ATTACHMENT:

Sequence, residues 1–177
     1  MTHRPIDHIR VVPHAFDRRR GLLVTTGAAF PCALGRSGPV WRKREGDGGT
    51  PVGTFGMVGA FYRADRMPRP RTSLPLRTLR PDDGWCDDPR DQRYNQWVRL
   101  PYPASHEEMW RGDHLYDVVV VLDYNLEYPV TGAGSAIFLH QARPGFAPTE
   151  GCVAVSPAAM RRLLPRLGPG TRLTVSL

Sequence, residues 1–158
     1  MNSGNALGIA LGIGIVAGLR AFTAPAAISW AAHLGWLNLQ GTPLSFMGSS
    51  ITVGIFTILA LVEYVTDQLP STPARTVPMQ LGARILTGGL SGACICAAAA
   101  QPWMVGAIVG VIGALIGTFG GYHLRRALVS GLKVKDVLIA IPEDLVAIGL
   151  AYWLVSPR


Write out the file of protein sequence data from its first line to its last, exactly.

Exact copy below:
Sequence, residues 1–177
     1  MTHRPIDHIR VVPHAFDRRR GLLVTTGAAF PCALGRSGPV WRKREGDGGT
    51  PVGTFGMVGA FYRADRMPRP RTSLPLRTLR PDDGWCDDPR DQRYNQWVRL
   101  PYPASHEEMW RGDHLYDVVV VLDYNLEYPV TGAGSAIFLH QARPGFAPTE
   151  GCVAVSPAAM RRLLPRLGPG TRLTVSL

Sequence, residues 1–158
     1  MNSGNALGIA LGIGIVAGLR AFTAPAAISW AAHLGWLNLQ GTPLSFMGSS
    51  ITVGIFTILA LVEYVTDQLP STPARTVPMQ LGARILTGGL SGACICAAAA
   101  QPWMVGAIVG VIGALIGTFG GYHLRRALVS GLKVKDVLIA IPEDLVAIGL
   151  AYWLVSPR